Thursday, June 14, 2007

Weddings, Sex, and The Adventures of Wetsuit Boy

My birding opportunities this weekend were constrained by my sister's wedding—to keep this discussion bird-related, I'll only mention that she wore a headpiece containing what looked like Snowy Egret plumes. I hope they just came from farmed ostriches or something. She looked utterly stunning—who would have thought that the little punk who used to call me "Inspector Spithead" would make such an elegant bride? The mind boggles.

Glenn and I managed to slip away from the family compound (and from way too much food and wine) on Sunday morning. By Sunday afternoon, we made it to Bolsa Chica, where we tried in vain to find the Pacific Loon who had been hanging out there. We settled instead for an afternoon of tern-watching.

A large flock of Elegant Terns was fishing by the floodgates, while a single Forster's Tern sat on the fence watching them. We noticed this last spring as well: one lonely Forster's Tern trying in vain to scare off the other birds. A couple of Black Skimmers were also hunting in the area; I never get tired of watching them.

Down by the footbridge, the Least Terns had started nesting in the fenced-off area. There was also some hot and heavy breeding action going on:

Who says family entertainment has to be dull?

Glenn got Tuesday off, which allowed to make up for our birdless Saturday. We spent a few uneventful hours at San Joaquin and Huntington Central Park, then headed back to Bolsa Chica with one of Glenn's photo buddies. Several other photographers were there, all trying to capture shots of the Elegant Terns in mid-air battles for fish.

While watching the terns, we ran into a Fish and Game biologist who was trying to figure out what to do about an illegally parked car by the floodgates. We were all really glad to see him since on any number of previous visits to Bolsa Chica, we'd seen any number of people behaving badly: letting their dogs run loose around nesting birds and letting kids throw rocks at birds, for instance—and every time, we'd say to each other "God, I wish a ranger were here!"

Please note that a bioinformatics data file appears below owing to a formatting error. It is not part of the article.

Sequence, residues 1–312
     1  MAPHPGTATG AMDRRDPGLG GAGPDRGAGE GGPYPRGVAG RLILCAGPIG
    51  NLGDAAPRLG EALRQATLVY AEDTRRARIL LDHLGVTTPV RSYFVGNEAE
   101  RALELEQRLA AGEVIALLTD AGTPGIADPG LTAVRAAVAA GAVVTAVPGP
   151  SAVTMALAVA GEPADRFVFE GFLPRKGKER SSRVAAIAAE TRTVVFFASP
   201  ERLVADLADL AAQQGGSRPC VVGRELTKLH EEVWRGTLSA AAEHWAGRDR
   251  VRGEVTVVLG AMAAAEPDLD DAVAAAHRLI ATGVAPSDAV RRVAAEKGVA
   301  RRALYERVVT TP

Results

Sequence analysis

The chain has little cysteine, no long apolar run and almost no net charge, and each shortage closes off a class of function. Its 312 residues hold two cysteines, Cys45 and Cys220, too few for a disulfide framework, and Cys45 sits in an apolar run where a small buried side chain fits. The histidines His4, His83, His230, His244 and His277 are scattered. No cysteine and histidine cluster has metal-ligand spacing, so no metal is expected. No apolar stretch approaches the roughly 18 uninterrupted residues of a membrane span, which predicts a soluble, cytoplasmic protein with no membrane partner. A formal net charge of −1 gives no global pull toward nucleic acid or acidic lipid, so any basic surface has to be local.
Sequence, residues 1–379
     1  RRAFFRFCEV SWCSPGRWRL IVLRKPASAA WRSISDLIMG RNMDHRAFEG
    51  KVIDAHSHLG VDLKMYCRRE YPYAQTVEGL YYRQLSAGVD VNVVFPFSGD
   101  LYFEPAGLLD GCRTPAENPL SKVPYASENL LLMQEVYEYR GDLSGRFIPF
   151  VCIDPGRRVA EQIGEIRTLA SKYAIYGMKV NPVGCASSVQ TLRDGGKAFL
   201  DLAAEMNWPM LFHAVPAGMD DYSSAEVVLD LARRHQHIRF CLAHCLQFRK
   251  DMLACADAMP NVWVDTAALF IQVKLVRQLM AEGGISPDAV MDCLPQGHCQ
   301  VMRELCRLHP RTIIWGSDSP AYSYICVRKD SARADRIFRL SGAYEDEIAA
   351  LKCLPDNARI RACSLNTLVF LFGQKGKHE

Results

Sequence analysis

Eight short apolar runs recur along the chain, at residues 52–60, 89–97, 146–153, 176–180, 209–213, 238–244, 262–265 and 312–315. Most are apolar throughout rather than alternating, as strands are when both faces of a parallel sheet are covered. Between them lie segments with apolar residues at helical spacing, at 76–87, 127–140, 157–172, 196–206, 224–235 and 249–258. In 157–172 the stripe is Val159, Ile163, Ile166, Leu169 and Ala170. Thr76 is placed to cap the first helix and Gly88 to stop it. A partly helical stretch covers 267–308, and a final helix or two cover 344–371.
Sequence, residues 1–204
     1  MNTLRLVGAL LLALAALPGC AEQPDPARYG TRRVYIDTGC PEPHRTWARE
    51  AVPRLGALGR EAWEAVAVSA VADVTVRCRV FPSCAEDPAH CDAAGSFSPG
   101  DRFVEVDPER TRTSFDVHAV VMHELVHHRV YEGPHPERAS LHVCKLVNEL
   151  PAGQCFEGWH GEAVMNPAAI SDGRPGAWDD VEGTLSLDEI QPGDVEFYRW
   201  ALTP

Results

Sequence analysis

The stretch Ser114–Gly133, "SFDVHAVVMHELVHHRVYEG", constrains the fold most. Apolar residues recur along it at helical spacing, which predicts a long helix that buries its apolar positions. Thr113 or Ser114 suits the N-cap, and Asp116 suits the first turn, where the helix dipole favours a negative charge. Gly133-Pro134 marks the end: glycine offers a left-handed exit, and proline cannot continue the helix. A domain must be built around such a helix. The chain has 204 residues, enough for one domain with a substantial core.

And even though this guy wasn't a ranger, he was sympathetic and happy to entertain our rants. And his presence gave the photographers a chance to diss their archnemesis: Wetsuit Boy.

Anyone who frequents Bolsa Chica on weekends has probably seen Wetsuit Boy. You can't miss him: he's the guy in the wetsuit with a big camera who crawls over fences and stomps into the marsh to take pictures. The other big-lens guys thought he was just an obsessive eccentric until they found out that he was using live feeder mice, tied to his car, to lure kestrels and kites to close shooting range. Of course, Glenn and all the other big-lens guys want the perfect shot, too, but none would dream of hurting or manipulating the birds to get it. For them, photography is a sport as much as an art, and stunts like this are bad sportsmanship.

The Fish and Game guy was, indeed, familiar with Wetsuit Boy. He told us that WB had been cited a few weeks back for wading out to one of the islands where the terns were breeding. He managed to frighten off the adult terns, which allowed a flock of crows to swoop down and help themselves to tern chicks for lunch. His excuse for this? He was a Baptist preacher (!) and was taking photos for a book promoting Christianity.

Am I the only one who's fed up with moral midgets who use Christianity to justify or excuse their bad behavior? Don't other Christians find them embarrassing? As for Wetsuit Boy, I will lay upon him the worst curse one could put on a photographer:

May your sensors be eternally coated with dust.

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